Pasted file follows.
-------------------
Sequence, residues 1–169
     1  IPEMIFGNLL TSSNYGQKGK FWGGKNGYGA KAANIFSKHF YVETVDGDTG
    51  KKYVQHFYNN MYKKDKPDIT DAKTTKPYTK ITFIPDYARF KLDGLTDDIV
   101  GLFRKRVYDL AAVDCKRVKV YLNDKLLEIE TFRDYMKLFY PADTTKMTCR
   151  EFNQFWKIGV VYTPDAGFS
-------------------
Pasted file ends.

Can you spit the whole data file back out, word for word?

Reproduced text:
Sequence, residues 1–169
     1  IPEMIFGNLL TSSNYGQKGK FWGGKNGYGA KAANIFSKHF YVETVDGDTG
    51  KKYVQHFYNN MYKKDKPDIT DAKTTKPYTK ITFIPDYARF KLDGLTDDIV
   101  GLFRKRVYDL AAVDCKRVKV YLNDKLLEIE TFRDYMKLFY PADTTKMTCR
   151  EFNQFWKIGV VYTPDAGFS